Update on the Modernization of the Act, Regulations and Systems (MARS)
IOGC Quarterly Newsletter Volume VI, Issue 3
Reporting Period October 1, 2016 to December 31, 2016
I. IOGC and MARS Project Update:
First Nations’ feedback on IOGC’s draft Phase I regulations – gathered from two symposiums (March 2016 in Edmonton and April 2016 in Saskatoon) – was categorized under three themes. Those categorized under "oil and gas technical comments" will be considered when the draft Phase I regulations are updated to become the final Phase I regulations (i.e., in conjunction with all other comments received during the 30-day pre-publication in Canada Gazette, Part I). For the remaining two themes, "First Nations’ governance" and "Consultation", the Government of Canada has re-established a negotiation table that is committed to explore, in partnership with oil and gas First Nations, potential options for greater First Nation’s jurisdiction and control over oil and gas management on reserve and is actively engaging First Nations to determine how this may be accommodated with a view to bringing recommendations forward for consideration by the Government.
IOGC’s draft Phase I regulations are now undergoing the appropriate government review and approvals processes. Once approved, they would be published in the Canada Gazette, Part I for a 30-day public review and comment period. This could occur as early as the next quarterly reporting period (January 2017 to March 2017). IOGC will also be publishing the draft Phase I regulations in the First Nations Gazette. All feedback received will be considered and accommodated, where appropriate. In the next step, the draft Phase I regulations will be updated to become the final Phase I regulations. The final Phase I regulations would once again undergo government review and approvals processes. Once approved, the final Phase I regulations would be published in the Canada Gazette, Part II and shortly thereafter, the Indian Oil and Gas Act, 2009 and the Phase I regulations would both become law.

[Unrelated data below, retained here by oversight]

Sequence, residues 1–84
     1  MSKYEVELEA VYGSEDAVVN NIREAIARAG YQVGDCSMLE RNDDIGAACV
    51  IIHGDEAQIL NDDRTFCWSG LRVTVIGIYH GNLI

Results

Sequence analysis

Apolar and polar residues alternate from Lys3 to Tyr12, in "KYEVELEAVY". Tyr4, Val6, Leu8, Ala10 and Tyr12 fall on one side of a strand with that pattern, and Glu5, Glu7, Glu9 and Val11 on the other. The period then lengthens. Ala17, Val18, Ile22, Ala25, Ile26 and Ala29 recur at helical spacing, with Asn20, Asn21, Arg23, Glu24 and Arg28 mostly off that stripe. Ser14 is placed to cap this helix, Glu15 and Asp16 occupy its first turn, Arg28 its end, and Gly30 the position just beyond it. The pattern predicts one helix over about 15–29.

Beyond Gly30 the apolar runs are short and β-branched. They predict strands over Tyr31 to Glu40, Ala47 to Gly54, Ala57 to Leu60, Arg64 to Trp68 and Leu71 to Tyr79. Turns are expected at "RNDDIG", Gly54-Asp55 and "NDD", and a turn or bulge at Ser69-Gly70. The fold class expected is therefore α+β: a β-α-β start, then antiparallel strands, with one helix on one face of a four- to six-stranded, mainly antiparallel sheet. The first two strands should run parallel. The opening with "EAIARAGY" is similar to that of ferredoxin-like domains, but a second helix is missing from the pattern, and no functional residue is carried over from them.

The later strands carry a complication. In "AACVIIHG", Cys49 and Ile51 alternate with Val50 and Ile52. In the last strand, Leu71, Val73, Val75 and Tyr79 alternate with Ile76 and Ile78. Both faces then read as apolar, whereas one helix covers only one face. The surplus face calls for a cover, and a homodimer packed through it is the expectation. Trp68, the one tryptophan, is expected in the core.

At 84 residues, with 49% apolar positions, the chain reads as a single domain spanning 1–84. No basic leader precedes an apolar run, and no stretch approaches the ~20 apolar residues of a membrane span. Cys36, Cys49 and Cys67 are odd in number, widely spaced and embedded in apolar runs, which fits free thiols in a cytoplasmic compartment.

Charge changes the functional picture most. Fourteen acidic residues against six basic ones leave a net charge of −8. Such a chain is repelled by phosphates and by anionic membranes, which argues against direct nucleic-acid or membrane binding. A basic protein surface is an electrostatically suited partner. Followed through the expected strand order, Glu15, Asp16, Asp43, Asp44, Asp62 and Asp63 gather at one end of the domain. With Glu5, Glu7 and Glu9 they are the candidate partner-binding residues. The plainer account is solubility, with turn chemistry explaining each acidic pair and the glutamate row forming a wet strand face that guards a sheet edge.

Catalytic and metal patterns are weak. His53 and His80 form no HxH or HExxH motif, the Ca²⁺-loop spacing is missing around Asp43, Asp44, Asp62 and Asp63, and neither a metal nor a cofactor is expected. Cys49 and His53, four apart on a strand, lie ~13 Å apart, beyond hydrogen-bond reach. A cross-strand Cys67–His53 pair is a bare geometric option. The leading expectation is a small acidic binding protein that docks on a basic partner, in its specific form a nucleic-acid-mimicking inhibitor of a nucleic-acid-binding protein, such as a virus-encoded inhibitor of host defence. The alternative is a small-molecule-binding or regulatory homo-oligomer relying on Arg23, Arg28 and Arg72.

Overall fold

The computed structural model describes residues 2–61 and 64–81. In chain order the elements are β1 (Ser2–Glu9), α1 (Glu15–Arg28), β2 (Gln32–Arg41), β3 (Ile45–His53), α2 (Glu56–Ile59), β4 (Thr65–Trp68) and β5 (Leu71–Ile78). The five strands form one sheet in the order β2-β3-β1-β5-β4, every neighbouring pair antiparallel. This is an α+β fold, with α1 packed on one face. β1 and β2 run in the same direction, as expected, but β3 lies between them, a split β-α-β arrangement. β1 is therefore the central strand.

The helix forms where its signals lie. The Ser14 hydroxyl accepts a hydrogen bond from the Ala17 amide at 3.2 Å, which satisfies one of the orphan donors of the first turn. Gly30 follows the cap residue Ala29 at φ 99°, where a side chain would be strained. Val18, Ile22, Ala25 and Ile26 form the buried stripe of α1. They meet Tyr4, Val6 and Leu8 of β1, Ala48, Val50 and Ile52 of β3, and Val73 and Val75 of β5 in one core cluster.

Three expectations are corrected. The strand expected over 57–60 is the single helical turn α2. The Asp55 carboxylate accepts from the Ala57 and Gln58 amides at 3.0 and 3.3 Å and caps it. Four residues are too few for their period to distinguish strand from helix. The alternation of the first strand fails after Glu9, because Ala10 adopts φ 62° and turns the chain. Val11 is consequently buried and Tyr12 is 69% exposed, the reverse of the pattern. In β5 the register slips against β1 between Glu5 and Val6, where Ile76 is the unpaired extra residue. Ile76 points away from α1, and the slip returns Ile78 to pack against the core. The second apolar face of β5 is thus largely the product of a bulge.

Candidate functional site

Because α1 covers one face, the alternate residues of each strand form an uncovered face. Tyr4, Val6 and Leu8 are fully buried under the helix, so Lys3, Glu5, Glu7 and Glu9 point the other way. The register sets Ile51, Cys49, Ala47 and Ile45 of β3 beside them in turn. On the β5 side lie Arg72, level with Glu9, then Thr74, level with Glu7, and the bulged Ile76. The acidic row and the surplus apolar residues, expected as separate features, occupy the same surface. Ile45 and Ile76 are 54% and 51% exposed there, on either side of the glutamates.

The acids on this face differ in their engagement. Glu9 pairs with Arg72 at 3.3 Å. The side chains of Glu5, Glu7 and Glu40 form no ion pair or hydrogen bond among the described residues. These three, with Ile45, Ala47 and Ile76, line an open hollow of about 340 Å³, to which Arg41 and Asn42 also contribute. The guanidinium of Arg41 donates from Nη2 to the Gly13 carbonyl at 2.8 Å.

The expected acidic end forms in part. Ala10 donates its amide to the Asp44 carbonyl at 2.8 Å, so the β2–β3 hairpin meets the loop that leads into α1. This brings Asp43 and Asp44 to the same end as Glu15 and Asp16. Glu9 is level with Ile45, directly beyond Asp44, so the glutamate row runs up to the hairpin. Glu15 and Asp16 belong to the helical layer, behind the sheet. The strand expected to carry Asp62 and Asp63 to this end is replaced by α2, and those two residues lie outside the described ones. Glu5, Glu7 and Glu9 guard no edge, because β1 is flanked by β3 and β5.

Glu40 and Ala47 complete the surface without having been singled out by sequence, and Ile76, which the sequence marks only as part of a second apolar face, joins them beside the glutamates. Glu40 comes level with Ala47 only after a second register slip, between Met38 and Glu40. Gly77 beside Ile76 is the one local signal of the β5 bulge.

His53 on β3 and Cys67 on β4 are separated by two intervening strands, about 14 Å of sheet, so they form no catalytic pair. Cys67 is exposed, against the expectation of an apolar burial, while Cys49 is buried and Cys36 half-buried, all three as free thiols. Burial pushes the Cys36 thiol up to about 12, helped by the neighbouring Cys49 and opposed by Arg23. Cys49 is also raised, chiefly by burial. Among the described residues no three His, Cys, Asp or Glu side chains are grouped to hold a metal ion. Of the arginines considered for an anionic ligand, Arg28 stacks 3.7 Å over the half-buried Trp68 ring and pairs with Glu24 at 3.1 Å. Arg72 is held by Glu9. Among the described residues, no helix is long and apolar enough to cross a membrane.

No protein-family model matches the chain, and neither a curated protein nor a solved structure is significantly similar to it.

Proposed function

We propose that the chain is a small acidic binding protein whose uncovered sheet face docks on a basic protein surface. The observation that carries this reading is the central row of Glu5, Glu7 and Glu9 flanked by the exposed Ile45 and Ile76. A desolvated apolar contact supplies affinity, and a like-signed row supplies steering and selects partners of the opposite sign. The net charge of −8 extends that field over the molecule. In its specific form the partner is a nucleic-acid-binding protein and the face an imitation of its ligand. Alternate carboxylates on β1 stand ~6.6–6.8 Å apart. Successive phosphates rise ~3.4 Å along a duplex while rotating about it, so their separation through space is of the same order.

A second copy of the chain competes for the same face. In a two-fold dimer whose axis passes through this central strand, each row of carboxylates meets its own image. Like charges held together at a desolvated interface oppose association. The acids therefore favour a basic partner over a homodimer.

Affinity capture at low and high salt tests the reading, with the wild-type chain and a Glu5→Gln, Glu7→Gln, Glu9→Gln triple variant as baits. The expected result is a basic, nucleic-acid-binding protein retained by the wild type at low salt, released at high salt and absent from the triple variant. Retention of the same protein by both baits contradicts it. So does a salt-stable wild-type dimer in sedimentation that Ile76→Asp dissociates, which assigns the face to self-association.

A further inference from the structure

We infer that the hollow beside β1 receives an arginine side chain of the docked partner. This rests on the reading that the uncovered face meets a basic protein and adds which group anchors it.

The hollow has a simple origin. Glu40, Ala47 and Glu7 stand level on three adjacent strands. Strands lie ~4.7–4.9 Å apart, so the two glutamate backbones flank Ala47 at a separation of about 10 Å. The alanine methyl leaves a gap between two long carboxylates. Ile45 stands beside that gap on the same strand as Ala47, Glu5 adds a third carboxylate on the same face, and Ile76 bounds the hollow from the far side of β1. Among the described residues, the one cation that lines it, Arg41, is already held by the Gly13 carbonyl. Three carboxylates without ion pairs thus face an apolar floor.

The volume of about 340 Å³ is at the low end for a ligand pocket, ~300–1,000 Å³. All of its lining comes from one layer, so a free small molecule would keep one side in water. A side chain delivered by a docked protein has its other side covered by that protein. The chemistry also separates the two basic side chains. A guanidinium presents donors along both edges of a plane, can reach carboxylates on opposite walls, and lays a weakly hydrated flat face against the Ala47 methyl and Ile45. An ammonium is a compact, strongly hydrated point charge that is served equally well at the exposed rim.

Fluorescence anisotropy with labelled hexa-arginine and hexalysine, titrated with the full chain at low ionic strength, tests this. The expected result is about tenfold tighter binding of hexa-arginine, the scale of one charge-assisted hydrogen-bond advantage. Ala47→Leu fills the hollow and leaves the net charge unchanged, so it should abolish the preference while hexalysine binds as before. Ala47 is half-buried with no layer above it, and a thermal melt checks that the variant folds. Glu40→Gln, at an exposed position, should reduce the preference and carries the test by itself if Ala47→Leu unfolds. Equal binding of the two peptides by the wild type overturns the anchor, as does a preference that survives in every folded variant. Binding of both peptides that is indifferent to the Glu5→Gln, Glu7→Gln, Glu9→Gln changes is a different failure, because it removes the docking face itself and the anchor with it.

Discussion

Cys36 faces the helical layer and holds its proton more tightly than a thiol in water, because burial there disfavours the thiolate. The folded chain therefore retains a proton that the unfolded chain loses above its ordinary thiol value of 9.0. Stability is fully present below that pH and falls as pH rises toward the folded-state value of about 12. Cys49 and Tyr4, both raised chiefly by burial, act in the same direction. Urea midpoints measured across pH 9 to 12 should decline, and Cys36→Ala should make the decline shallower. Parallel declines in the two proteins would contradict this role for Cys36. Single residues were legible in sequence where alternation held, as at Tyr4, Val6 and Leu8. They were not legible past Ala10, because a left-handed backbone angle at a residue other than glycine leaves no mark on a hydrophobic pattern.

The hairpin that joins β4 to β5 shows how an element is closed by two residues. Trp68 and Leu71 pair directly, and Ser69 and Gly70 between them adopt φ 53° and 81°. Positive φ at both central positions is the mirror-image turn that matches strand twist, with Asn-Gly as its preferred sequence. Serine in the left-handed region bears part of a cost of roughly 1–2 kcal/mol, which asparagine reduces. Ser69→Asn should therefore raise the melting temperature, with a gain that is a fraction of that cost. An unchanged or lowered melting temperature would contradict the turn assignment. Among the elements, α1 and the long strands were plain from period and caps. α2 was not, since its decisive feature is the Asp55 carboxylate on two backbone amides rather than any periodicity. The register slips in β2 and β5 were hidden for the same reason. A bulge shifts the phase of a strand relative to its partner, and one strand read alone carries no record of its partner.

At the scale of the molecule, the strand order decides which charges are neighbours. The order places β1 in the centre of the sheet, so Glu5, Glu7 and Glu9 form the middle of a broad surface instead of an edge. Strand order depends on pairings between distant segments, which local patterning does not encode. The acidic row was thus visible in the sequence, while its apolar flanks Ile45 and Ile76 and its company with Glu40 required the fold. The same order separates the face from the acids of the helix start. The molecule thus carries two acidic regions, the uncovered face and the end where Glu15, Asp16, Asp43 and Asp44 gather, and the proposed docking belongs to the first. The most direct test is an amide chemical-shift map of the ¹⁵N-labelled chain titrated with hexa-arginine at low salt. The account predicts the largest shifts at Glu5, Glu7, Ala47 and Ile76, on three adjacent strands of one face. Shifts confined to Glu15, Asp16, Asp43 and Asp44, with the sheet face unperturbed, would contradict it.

IOGC’s staff continues to prepare for the administration and enforcement of the Indian Oil and Gas Act, 2009 and the Phase I regulations. There are two parallel tracks governing this important process: 1) MARS Implementation, that will ensure processes, policies, procedures, and tools are prepared; and, 2) Organizational Change Management (OCM), that will ensure IOGC's staff are well-equipped. To assist staff through this period of considerable change, a contract is being prepared for an OCM service provider over the long-term. This will enable IOGC to be better-positioned to respond to both internally-driven change (i.e., changes resulting from the new Act and regulations) and externally-driven change (i.e., those changes that affect whole-of-government such as new e-mail and document management systems). Due to competing priorities, the development of the long-term contract for OCM services has been delayed and will likely be postponed until Q1 FY2017-18.
Even as IOGC is shepherding the Phase I regulations through government approvals processes, its partnership with the Indian Resource Council and the Joint Technical Committee One has already begun work on the Phase II regulations. Regulatory drafting instructions were shared for:
- Exploration (Seismic);
- Moneys; and,
IOGC is looking forward to feedback once oil and gas First Nation advocates have completed their review.
II. Announcement – Petrinex IOGC Inclusion Project Begins
In the last issue, IOGC announced that the Resource Information Management Systems 2 (RIMS2) project received Treasury Board approvals for its project and expenditure implementation. The RIMS2 project includes:
- the Petrinex IOGC Inclusion Project;